Seasonal Tips For Your Home
Record breaking snowfalls in Delaware remind us that winter can be tough--on our homes and on our wallets. Here are some winter weather tips from Energize Delaware to help you stay warm and save energy.
The way the snow melts (or doesn’t) on your roof can tell you something about the energy efficiency of your home. The best case scenario is for the snow to stay where it landed and melt from the sun as a heat source (not your roof).
If you see uneven melting and ice building up around the eaves, you may have a problem to fix.
Thick bands of ice form along the eaves of houses are caused by heat escaping from attics that are poorly insulated and/or ventilated. Melted snow runs down the slope of the roof and refreezes around the edges. As the ice builds up at the bottom edge of the roof, it creates a dam that causes water to back up under the shingles and potentially leak into the house.
Damage caused by ice dams can be costly, including water-soaked insulation, stained or water-soaked ceilings and water accumulation in wall cavities, damaging walls and interior finishes.
Excess heat can find its way into your attic in many ways:
- Not enough insulation in your attic.
- A lack of insulation around fireplace chimneys that allows heat to escape into the attic.
- HVAC systems with un- insulated or leaky ductwork in the attic.
- Recessed lights on the top floor that leak or are un-insulated. Have an electrician replace them with insulated, air sealed cans.
- Insulation that is out of position, allowing heat to enter the attic.
- Poor attic ventilation
Did you know that your attic hatch is basically an outside door. It should be weather stripped to a tight seal and insulated above. This is one of the most common sources of energy loss in most homes.
The way to stop ice dams from forming is to keep the entire roof cold. In most homes this means stopping heat from escaping , blocking all air leaks leading to the attic from the living space below, and ensuring proper ventilation.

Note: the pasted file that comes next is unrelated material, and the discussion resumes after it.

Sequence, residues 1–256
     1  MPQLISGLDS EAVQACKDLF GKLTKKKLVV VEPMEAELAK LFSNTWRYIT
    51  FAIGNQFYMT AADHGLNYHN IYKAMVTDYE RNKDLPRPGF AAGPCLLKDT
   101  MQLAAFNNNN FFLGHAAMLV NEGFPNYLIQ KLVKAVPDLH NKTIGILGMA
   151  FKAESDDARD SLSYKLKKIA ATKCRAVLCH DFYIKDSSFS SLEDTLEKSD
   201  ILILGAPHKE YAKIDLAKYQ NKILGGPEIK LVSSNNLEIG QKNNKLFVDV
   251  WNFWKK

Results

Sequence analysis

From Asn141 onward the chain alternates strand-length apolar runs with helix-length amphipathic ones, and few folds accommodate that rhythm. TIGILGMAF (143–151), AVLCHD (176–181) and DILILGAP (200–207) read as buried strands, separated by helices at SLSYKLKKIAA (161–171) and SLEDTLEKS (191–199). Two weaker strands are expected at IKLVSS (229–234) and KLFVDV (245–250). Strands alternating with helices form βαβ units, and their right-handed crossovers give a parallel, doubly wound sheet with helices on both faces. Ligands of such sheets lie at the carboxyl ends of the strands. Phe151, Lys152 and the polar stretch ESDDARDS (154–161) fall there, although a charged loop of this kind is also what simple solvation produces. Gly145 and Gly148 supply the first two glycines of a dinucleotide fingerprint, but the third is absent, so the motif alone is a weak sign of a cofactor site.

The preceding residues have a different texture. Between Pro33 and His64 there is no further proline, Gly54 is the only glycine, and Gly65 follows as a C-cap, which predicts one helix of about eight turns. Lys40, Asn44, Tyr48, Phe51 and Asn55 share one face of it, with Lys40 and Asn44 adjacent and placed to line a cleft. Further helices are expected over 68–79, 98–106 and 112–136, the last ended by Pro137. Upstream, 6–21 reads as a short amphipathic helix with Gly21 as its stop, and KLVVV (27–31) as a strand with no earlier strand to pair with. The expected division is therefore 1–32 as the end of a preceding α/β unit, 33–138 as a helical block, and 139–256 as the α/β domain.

Properly weatherizing your attic can cut 10 to 30 percent off your heating and cooling bills.
While most residential roofs are designed to hold a reasonable amount of snow, the exceptional accumulation in our region this winter may be more weight than your roof can handle. Your risk increases with older homes, and homes with low or no slope to their roof.
If you are concerned about your roof, consult with a roofing contractor. They should be better able to assess the design load of your roof and have the skills and tools to clear it safely if needed. Getting up on a ladder or on the roof is unsafe and can damage the asphalt shingles used on most homes if done improperly. In addition, walking on a roof only adds weight and may hasten a collapse. If you see any signs of leaking, or bowing of roof structures, evacuate the home immediately and call for help. Lastly, remember that ice weights more than snow – so if you see evidence of ice damming your roof is already under greater stress.
- Keep thermostats at 68 degrees or a lower, comfortable setting to save energy. Each one-degree reduction lowers consumption and costs.
- When out for the day or evening, turn down the thermostat. When you’re away for a weekend or longer, lower it to 55 degrees to save on heating costs.
- Lower the temperature by 5 to 10 degrees at night, and turn it up again in the morning. This could save up to 10 percent on heating bills.
- Consider a programmable thermostat, which keeps the heat up when you need it and turns it down when you don’t. It can save up to $180 in energy costs each year.
- Turn the thermostat down when you have company over. Each guest is equivalent to a 175-watt heater, and will naturally provide warmth to the home.
- Close blinds and drapes at night to keep warm air inside. Open them during the day to let in warm sunshine.
- Weatherize and insulate. Seal the air leaks in your home with weatherstrip, caulk or insulation in attics and around windows, door sweeps, pipes, water heaters and vents. The U.S. Department of Energy recommends that Delaware attics maintain an R-38 insulation level (about 12-15 inches of insulation). Four in ten Delawareans live in homes that were built more than 30 years ago, and only 20 percent of homes built before 1980 are well insulated.
- Clean your heating system’s air filters to maximize efficiency and improve airflow. Check your filter each month and be sure to replace any filter that is more than three months old.
- Check your Chimney. Make sure your damper is in good working order, and when you’re not using your fireplace, make sure the damper is closed.
- Turn on ceiling fans. Warm air from heating systems tends to rise and collect near ceilings, making the rest of the room feel cool. In winter, set your ceiling fan to run in a clockwise direction, which will disburse this air and circulate heat around the entire room.